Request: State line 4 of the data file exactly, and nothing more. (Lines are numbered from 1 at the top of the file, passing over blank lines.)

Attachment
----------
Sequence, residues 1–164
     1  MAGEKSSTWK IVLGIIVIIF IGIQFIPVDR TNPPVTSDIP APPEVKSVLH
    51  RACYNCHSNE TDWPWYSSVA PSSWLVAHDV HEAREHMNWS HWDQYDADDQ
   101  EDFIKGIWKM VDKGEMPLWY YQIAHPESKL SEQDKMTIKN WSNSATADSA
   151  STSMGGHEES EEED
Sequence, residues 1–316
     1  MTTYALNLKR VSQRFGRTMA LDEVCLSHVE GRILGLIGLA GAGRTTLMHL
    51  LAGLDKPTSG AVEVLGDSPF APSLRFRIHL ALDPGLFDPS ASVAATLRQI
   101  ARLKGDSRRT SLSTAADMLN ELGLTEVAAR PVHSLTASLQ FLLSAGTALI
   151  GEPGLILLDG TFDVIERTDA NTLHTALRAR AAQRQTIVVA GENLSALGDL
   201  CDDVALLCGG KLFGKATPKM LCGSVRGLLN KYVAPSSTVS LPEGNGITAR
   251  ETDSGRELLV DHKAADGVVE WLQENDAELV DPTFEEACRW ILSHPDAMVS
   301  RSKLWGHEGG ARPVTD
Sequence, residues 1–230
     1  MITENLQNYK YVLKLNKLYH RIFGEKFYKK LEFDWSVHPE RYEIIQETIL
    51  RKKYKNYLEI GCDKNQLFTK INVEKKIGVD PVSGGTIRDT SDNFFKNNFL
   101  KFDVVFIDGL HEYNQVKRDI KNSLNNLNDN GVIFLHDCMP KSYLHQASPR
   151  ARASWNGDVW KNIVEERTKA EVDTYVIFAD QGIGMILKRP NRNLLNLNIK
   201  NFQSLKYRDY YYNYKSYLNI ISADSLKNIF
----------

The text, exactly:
   101  EDFIKGIWKM VDKGEMPLWY YQIAHPESKL SEQDKMTIKN WSNSATADSA